Much discussion and debate has re-arisen from the fallout of the Virgina Tech Massacre. As with all things, it’s more hip to discuss and debate than not. One thing that’s stuck out in these debates, however, is the ubiquity of ‘gun control’ and it’s converse ‘anti-gun control’ fanatics coming out of the woodwork.
The seeming corollary to this particular case, and seemingly just as ubiquitous, is the issue of ‘mentally ill’ and guns (‘kinda sounds like a Hollywood comedy).
As you mentioned, Seung-Hui Cho was deemed mentally ill in 2005 – two years ago. Who are we to either assume or judge that someone deemed ‘mentally ill’ hasn’t recovered, reformed, or resolved their ‘mental’ ailments in two years? The only people qualified are the shrinks who, by law, posses a right and responsibility to alert authorities of imminent danger.
Cho was asked ‘Have you ever been adjudicated mentally defective or … committed to a mental institution?’, and said ‘no.’ He got his guns. But think about that question and try to put yourself in the position of someone who was deemed ‘mentally ill’ at one point or another. Now ask yourself, who in there life doesn’t have at least some minor phase where they’re ‘technically’ considered mentally ill?
Probably no one, most people either cope or it otherwise doesn’t get noticed. Say, for arguments sake, you’ve just gone through a particularly low point, e.g. your brother or father just died, have been depressed (even, maybe, hints of a could-possibly-be-thoughts-of-suicide), and you, for good reason, seek solution to your psyche. You’re completely honest with your counselor and even mention to her the could-possibly-be-thoughts-of-suicide. Now, even though you get over your ‘clinical depression’ and could-possibly-be-thoughts-of-suicide after a couple-a-few months, should you never ever be able to purchase a firearm because you experienced what most people experience during times of grief? You’re even on ‘the record.’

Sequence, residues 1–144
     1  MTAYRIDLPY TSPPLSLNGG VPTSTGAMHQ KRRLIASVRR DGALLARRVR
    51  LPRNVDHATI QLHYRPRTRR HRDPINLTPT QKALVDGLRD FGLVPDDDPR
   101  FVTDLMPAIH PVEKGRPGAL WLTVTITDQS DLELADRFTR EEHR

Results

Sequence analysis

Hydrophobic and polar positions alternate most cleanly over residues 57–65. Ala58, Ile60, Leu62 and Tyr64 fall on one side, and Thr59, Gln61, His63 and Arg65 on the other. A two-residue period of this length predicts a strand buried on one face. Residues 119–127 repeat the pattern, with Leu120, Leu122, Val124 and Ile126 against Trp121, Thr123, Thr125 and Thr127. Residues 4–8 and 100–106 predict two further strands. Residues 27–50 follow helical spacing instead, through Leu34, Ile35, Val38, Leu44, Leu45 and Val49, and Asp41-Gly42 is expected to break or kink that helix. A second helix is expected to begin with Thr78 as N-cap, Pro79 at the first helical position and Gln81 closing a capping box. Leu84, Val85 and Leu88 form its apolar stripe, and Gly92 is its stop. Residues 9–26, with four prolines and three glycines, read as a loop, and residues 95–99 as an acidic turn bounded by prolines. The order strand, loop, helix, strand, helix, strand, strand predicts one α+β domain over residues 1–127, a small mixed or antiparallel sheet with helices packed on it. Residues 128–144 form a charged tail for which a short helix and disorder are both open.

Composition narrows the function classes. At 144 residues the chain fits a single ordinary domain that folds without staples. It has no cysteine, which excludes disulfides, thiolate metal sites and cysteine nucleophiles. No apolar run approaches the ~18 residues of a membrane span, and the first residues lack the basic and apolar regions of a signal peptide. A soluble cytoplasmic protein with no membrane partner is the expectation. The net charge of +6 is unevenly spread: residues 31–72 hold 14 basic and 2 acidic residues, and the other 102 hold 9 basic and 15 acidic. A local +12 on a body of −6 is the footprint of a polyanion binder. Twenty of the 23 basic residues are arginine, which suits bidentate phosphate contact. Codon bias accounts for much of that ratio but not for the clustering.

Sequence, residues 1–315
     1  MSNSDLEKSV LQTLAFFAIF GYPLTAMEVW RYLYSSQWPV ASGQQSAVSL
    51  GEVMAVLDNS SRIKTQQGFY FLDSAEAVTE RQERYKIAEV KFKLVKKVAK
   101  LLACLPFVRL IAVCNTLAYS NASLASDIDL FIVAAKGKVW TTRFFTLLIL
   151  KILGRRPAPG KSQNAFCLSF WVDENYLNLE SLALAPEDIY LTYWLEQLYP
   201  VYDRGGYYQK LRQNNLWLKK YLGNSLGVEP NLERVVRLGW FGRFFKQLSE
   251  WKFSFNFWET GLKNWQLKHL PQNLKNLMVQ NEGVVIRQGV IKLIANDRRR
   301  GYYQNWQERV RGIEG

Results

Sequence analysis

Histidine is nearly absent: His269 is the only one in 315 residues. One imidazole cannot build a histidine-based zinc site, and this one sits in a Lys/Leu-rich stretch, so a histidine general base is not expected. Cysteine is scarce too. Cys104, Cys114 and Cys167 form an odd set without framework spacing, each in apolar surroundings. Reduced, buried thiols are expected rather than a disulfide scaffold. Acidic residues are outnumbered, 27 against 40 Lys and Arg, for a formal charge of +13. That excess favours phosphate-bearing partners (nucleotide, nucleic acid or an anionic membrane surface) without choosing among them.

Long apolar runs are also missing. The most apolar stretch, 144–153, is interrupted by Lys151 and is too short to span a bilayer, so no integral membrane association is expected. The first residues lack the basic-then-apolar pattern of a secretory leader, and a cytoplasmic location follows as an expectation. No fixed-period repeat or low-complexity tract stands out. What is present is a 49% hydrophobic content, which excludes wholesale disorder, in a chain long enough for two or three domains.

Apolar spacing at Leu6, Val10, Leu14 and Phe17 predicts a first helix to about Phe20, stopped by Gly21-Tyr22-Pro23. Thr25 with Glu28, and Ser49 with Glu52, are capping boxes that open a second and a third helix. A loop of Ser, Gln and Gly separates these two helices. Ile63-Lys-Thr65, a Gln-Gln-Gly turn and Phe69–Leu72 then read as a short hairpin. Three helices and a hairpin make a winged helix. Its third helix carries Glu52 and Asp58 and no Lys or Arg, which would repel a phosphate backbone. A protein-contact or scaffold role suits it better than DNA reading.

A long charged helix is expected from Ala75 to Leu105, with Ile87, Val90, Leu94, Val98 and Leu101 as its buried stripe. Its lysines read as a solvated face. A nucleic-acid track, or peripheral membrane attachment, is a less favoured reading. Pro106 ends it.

Though I agree we should question the true cost of the Second Amendment, and even more vigorously question it’s interpretation, mental soundness makes the issue more problematic. I’m not saying, by any means, that anyone and everyone should be able to purchase a firearm at will. But who in their right mind would have answered ‘yes’ to the ATF’s question?
A bigger right, responsibility and burden, is that the ATF cannot query mine or your medical records to find out if we answered correctly. What, however, would be sacrificed, if this were changed?
Seung-Hui Cho, hellbent on massacre, would have found fire-arms one way or another, and possibly easier if he purchased them from the black market (no Brady bill nor wait & all). Locking up or stripping rights from the ‘mentally ill’ seems like putting a band-aid on a compound femur fracture, and re-interpreting the Second Amendment seems more problematic. There is, however, a long standing law that says ‘don’t kill people,’ which doesn’t care about the Second Amendment, it just cares if you kill someone or not, regardless of means.
Yes we paid a terrible price for our freedoms; we paid a terrible terrible price. But what would be the cost of revoking our freedoms, having more rights and responsibilities revoked, liberating liberty?